Studies on angiogenesis and lymphangiogenesis have gained special relevance in research into factors potentially influencing the pathogenesis and course of inflammatory bowel disease (IBD). The results of the few existing studies on the distribution and density of lymphatic vessels and blood vessels in the context of IBD are controversial. Studies using the specific lymphatic marker podoplanin have revealed a significantly large number of lymphatic vessels in the colonic mucosa of patients with ulcerative colitis and Crohn's disease (compared to patients with normal mucosa), whereas other authors have found no significant differences. However, the role of vascular endothelial growth factor (VEGF) tyrosine-kinase receptor 3 (VEGFR-3) in the onset of IBD has not been analyzed. In recent years new biochemical, molecular, and immunohistochemical studies indicate that several families of growth factors, such as the VEGF family and their receptors, fibroblast growth factor-2, platelet-derived growth factor-BB, hepatocyte growth factor, the angiopoietin system, and integrins may play an important role in the onset of IBD. To date, no comparative studies have analyzed these growth factors and specific lymphatic markers. We examine how growth factors are involved in the development of pathological lymphangiogenesis in patients with IBD and determine whether they play a crucial role in disease exacerbation.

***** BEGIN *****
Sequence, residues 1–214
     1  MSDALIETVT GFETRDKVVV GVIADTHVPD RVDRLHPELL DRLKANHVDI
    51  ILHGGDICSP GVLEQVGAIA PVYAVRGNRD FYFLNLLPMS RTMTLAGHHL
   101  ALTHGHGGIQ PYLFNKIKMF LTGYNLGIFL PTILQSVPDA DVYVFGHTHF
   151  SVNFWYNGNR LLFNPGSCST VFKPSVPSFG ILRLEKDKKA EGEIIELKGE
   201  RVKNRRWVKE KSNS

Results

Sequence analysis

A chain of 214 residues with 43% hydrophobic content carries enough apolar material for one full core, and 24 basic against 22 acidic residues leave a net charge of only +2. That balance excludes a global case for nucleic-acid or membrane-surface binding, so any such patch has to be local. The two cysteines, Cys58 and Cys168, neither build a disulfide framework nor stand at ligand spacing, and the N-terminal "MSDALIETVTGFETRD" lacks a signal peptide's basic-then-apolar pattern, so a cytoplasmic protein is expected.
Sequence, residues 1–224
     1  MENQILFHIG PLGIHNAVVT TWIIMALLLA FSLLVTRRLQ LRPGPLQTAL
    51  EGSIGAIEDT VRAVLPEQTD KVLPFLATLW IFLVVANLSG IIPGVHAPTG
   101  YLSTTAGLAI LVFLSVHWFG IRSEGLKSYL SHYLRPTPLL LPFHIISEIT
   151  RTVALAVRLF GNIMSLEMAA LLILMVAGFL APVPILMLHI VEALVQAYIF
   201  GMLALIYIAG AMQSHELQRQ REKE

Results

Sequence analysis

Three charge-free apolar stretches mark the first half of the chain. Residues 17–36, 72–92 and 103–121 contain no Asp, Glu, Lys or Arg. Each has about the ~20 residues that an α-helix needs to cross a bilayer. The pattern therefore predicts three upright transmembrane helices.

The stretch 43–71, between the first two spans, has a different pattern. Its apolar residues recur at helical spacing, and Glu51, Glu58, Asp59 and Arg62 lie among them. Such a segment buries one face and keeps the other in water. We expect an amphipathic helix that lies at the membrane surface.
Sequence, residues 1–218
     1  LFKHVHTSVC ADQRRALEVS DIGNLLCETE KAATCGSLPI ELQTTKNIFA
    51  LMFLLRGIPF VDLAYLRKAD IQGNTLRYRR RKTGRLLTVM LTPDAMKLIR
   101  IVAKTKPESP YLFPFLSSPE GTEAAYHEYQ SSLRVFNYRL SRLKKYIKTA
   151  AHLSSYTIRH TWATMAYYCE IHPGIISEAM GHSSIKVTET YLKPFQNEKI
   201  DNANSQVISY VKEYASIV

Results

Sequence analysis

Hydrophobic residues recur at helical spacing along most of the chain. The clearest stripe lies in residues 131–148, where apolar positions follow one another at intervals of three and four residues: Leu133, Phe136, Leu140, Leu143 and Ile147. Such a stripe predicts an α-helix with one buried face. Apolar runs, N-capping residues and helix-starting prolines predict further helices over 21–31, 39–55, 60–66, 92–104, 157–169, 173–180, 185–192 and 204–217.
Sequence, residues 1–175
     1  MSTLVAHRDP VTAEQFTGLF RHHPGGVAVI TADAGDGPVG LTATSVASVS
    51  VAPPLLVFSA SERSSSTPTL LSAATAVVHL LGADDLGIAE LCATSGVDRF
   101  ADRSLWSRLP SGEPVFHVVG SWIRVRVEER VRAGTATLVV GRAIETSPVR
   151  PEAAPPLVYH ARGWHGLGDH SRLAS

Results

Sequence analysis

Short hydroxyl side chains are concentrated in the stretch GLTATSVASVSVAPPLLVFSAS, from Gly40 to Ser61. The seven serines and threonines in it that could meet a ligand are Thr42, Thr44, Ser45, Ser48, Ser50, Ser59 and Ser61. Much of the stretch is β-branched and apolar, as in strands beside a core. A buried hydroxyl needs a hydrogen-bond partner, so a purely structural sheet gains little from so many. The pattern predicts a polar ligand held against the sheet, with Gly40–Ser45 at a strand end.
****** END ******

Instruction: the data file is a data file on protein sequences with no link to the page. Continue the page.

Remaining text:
Copyright © 2010 Crohn's & Colitis Foundation of America, Inc.